Quote:
Originally Posted by keilau View Post
I noticed that the hole spacing was for an ALPS RK16 volume pot, but the maker put a tiny RK09 instead. It makes the volume control shaft way too low for normal mounting. I will start the assembly once the RK16 arrives.
Click the image to open in full size.
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Old 5th September 2016, 04:42 PM   #8
nattawa is offline nattawa  Canada
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Quote:
Originally Posted by keilau View Post
......

The 4 big 6800uF caps ...........
The schematic of the E19 is almost identical to that of E5 found HERE. Some component value may differ, and the output devices are a different type too.

The capacitor I blue-circled in the attached picture is the one (and only one) that got installed backwards.

I changed out the volume pot the first moment after I un-boxed the package. Not only was the original small, it was a linear taper B-type pot, wrong taper for the application, and it was installed crooked as well.

Big caps were removed for tracing out the PCB design. I had a huge curiosity on how they could have messed up the design.
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File Type: jpg before.JPG (450.3 KB, 626 views)
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Old 5th September 2016, 05:06 PM   #9
keilau is offline keilau  United States
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Quote:
Originally Posted by nattawa View Post
The schematic of the E19 is almost identical to that of E5 found HERE. Some component value may differ, and the output devices are a different type too.

The capacitor I blue-circled in the attached picture is the one (and only one) that got installed backwards.

I changed out the volume pot the first moment after I un-boxed the package. Not only was the original small, it was a linear taper B-type pot, wrong taper for the application, and it was installed crooked as well.

Big caps were removed for tracing out the PCB design. I had a huge curiosity on how they could have messed up the design.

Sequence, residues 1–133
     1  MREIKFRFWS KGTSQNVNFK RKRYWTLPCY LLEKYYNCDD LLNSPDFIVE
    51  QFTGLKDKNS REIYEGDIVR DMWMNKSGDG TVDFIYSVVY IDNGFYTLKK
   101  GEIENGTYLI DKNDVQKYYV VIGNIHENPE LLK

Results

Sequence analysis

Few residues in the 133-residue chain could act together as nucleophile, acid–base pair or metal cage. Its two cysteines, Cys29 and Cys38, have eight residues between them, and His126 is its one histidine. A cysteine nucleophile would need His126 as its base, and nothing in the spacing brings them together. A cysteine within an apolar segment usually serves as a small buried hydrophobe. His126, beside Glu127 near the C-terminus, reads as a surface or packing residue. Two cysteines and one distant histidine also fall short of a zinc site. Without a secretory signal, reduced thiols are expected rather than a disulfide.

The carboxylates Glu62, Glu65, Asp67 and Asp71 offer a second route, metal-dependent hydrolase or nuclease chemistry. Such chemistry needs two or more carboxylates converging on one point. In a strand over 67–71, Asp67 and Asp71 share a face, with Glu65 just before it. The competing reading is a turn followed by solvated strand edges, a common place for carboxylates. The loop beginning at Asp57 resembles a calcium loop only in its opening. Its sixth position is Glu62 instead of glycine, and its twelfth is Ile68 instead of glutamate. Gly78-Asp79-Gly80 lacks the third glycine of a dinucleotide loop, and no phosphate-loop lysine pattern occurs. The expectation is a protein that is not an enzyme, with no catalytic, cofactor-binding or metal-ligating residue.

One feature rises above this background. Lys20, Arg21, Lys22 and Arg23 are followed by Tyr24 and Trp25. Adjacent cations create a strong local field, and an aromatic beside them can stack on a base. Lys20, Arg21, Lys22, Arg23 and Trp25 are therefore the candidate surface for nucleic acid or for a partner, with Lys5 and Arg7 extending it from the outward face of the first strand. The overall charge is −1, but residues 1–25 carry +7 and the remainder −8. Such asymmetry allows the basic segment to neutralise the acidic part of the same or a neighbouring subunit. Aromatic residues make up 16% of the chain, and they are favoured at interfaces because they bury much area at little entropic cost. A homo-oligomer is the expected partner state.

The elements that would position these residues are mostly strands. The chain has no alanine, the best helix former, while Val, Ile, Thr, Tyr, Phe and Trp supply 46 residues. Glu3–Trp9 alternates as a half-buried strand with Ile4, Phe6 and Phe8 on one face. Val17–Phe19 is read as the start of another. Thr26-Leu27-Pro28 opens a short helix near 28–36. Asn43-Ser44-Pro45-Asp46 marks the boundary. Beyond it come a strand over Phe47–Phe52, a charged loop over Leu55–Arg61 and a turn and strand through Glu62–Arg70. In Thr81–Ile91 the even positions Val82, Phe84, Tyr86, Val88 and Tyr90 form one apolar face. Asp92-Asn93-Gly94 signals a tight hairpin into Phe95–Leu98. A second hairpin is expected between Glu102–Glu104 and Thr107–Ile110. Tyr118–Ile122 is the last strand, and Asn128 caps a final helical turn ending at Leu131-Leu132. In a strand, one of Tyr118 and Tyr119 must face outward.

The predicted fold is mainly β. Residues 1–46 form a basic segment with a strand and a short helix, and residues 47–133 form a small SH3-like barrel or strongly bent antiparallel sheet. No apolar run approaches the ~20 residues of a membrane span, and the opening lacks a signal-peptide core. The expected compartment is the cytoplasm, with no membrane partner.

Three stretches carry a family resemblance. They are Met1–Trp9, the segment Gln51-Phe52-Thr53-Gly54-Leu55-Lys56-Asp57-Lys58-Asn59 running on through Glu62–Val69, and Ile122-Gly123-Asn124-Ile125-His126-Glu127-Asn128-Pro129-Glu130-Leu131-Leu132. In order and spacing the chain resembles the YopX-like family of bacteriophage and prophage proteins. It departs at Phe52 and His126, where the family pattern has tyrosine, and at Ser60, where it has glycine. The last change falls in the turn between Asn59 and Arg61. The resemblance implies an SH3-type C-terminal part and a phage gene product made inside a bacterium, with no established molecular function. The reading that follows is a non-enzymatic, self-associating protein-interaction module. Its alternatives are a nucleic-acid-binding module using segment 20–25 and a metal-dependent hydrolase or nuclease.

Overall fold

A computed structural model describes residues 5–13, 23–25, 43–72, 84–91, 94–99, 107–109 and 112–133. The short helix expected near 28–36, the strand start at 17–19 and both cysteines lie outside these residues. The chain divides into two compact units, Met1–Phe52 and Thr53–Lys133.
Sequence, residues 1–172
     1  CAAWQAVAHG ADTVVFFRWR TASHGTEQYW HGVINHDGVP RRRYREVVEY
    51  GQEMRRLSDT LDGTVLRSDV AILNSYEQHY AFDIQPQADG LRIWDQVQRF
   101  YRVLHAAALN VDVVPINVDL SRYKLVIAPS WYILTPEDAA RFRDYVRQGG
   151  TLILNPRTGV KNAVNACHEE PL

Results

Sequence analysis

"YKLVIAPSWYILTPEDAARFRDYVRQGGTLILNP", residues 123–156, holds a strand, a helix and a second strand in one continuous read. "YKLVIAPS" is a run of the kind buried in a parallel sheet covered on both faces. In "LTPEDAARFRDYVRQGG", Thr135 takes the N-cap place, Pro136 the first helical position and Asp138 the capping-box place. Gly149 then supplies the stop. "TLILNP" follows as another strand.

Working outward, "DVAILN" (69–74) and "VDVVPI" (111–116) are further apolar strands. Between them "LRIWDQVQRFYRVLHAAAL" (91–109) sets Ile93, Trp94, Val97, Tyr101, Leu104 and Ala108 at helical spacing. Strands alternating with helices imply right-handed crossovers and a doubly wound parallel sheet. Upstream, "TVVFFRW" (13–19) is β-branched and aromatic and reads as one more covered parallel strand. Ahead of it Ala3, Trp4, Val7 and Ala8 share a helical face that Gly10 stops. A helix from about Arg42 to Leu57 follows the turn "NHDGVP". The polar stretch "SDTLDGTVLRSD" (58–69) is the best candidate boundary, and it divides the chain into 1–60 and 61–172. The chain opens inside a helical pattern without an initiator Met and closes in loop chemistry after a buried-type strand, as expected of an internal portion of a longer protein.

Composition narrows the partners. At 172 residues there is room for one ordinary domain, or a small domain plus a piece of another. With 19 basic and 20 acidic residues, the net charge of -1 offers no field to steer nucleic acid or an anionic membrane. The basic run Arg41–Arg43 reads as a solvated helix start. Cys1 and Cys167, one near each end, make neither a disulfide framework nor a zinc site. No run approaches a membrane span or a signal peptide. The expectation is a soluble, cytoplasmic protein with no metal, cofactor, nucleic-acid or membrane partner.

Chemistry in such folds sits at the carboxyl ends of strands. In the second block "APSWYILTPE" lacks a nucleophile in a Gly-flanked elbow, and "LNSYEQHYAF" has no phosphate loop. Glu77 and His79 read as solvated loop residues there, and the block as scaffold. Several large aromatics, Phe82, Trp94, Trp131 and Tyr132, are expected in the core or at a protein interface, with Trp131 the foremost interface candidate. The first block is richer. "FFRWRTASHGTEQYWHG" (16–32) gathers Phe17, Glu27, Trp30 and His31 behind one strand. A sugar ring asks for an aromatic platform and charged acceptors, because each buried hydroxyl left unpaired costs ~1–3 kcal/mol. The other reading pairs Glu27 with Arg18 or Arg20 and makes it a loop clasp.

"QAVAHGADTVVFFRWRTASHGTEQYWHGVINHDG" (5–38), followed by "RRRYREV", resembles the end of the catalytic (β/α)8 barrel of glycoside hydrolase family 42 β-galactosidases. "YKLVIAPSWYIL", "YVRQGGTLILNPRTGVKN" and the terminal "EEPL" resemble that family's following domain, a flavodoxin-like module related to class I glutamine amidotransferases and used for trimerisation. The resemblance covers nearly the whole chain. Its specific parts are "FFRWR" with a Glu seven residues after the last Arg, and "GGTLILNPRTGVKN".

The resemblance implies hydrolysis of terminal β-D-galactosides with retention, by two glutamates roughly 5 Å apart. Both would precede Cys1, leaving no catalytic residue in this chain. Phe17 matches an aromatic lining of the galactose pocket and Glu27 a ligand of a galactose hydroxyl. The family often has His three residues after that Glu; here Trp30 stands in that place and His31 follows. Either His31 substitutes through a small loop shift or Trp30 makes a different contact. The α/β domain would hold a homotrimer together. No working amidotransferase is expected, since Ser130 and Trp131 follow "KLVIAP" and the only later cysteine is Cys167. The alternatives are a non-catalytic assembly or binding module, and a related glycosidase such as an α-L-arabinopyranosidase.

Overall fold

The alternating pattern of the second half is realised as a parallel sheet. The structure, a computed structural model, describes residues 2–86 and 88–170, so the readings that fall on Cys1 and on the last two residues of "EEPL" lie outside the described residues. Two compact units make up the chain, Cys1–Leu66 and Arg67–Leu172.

Yes, I did notice the similarity to the E5 too. I was drawn to the E19 by the larger power cap and lower price. Well, I ended up with 3400uF on the E19 vs. 9400uF for the E5. I am seriously considering removing the 4 6800uF and put 2 axial 10000uF/35V instead.

All the 220uF caps on my board were installed correctly. Thank you for the picture.

Did you play with the bias current adjustment?
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Old 5th September 2016, 05:11 PM   #10
nattawa is offline nattawa  Canada
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Done tracing the power and signal returns, or the GND system. Turns out they did it the way a flash light wiring would be done in the power supply section, leaving signal returns share common copper trace impedance with power filter return lines at several places.

So I went ahead and cut many traces and modded the power supply into a C-R-C construction, having a clean "star-GND" where signal and power filter returns hook up straight to on their own wires. The amp is now dead quiet with volume pot at max and input open circuit on Senheisser HD600. I may have gone too far, and I don't have a lower impedance and more sensitive phones to verify or prove improvement. I may have to order another E19 amp just to make some A-B experiment.
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File Type: jpg after.JPG (396.7 KB, 589 views)